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Premier League clubs stop kneeling before every match

English Premier League footballers said yesterday they would no longer take their knees before every match next season, following criticism that anti-racism gestures were losing their grip.
In a Premier League statement, the club’s captain instead said he would bow before selected matches and “in doing so continue to show solidarity for a common cause”.
The league said it supported the captain’s decision and stepped up its anti-racism message as part of its “no room for racism” campaign. Premier League players began taking a knee at the start of every match in June 2020, when the season resumed following the Covid shutdown, a month after George Floyd’s murder in the US .
Former NFL quarterback Colin Kaepernick began kneeling to protest racial injustice in 2016. The gesture has been familiar across sports since Floyd was murdered by US police officers. It became a spectacle of
But some Premier League players have questioned its continued relevance, and some right-wing politicians in the UK have criticized its identification with the Black Lives Matter protest movement.
Crystal Palace black striker Wilfried Zaha was an early dissident, labeling the gesture “degrading” and choosing to stand instead.
Last season, Chelsea’s white defender Marcos Alonso decided to stand up and point to an anti-racism badge on his shirt sleeve instead. Abuse of black footballers remains rampant on social media, saying football must take “stronger” action to fight back.
Lukaku told CNN Sports last September, “Yeah, we’re on our knees…but sometimes we see another insult after the game.


culture war
However, former Manchester United and England defender Gary Neville criticized the decision.
“For the young people of this country, it was the most open demonstration of their heroes fighting inequality,” he wrote on Twitter.
“This is what my 12- and 13-year-olds comment and notify before each game. Let’s go back to wearing a t-shirt once a season!” he added. rice field. Not every game, the Premier League players will be on their knees before this weekend’s season opener and the ‘No Room for Racism’ match rounds in October and his March.
The captain said he would also observe it before Boxing Day games, on the final day of the season and before the FA Cup and League Cup finals.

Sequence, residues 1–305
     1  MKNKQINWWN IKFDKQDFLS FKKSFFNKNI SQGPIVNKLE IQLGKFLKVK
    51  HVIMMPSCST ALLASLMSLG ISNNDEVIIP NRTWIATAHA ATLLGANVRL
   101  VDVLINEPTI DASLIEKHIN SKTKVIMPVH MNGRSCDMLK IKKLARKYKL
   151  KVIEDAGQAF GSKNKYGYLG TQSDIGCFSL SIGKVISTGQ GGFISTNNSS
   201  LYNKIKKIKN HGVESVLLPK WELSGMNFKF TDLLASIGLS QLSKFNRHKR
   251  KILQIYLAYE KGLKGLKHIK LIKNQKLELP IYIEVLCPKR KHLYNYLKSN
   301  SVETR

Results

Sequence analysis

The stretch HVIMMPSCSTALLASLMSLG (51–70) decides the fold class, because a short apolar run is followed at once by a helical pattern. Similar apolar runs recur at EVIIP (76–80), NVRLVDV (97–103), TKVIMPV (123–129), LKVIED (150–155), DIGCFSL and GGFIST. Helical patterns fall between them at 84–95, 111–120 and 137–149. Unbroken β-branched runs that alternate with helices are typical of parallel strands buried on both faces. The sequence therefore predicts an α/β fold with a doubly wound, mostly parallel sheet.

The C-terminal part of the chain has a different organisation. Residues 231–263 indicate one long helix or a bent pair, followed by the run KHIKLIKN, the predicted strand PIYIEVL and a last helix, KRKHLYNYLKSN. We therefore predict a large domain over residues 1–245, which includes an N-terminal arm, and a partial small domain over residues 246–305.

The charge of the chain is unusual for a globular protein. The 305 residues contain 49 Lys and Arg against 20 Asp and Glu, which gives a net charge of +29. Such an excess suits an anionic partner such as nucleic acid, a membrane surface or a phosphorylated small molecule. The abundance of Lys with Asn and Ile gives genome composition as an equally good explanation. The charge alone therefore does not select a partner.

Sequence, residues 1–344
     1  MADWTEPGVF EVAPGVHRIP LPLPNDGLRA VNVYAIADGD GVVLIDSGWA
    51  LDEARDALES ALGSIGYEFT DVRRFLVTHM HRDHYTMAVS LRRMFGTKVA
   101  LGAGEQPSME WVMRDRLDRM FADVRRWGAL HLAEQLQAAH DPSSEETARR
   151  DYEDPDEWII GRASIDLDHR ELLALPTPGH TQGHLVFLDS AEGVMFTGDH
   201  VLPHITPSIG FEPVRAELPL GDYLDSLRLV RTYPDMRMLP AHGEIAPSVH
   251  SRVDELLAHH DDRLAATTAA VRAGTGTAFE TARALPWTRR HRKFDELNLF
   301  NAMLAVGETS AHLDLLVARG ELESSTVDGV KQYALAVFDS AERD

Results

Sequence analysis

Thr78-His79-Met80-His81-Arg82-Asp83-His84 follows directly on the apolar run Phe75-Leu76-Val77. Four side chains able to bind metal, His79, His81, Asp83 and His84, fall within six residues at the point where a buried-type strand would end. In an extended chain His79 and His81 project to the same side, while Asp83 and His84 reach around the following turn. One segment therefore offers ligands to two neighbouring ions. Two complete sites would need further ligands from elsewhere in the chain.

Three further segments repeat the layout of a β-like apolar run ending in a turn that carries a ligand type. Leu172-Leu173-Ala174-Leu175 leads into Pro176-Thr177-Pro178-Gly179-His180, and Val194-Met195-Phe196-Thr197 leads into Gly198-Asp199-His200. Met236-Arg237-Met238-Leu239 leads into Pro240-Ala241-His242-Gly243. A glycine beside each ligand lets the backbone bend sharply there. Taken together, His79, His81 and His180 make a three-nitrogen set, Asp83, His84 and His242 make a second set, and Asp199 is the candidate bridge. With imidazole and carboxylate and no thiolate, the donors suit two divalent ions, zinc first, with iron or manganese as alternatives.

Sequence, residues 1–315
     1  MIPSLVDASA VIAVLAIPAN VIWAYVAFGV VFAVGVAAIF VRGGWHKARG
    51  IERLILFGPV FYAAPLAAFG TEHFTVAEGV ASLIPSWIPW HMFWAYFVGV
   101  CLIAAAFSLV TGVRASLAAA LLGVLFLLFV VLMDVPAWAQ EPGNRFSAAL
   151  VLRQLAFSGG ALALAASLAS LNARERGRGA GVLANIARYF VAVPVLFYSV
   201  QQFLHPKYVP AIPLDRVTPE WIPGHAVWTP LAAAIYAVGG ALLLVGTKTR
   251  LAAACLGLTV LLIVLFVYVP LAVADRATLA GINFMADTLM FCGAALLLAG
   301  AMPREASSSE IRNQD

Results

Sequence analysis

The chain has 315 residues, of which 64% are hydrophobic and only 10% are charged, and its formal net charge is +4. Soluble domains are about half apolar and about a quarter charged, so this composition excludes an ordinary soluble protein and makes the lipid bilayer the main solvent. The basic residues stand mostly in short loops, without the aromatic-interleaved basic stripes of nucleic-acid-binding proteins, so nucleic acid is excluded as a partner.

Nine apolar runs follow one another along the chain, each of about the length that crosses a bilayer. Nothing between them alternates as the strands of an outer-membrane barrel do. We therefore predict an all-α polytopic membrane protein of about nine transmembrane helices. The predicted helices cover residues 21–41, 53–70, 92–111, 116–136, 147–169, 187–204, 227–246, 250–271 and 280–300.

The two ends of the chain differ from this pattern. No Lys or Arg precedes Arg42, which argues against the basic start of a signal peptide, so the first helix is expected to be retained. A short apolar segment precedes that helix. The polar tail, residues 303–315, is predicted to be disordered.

“We are resolutely committed to eradicating racial prejudice and achieving an inclusive society of respect and equal opportunity for all,” they said in a statement.
The sale of the ‘No Room For Racism’ sleeve badge on replica shirts from last season raised £119,000 ($145,000) in royalties for the club. According to a statement, they are donating the amount to designated youth teams, with the Premier League donating a similar amount. A player’s pre-match gestures are generally respected by fans.
However, some of the spectators at the England match booed when the players took a knee, provoking an angry reaction from the national team manager Gareth Southgate.
Piara Powar, head of the anti-discrimination group Fare Network, told AFP last year that kneeling is a meaningful act even if caught in a “culture war-style debate.” Told.
“It’s impactful,” he said. “Without clout, people wouldn’t have booed it.”
But the second tier of top-flight English football, the Championship, has already started the season with both Bristol City and Swansea City saying their players will no longer be on their knees. , the act is dilutive, and the Professional Footballers’ Association said its members did not want the gesture to “become routine and potentially lose its impact.”
“We’ve talked to the players about this and heard they want to find a balance,” said Maheta Morango, chief executive of the players’ union.



http://www.gulf-times.com/story/722172/Premier-League-clubs-to-stop-taking-knee-before-ev Premier League clubs stop kneeling before every match

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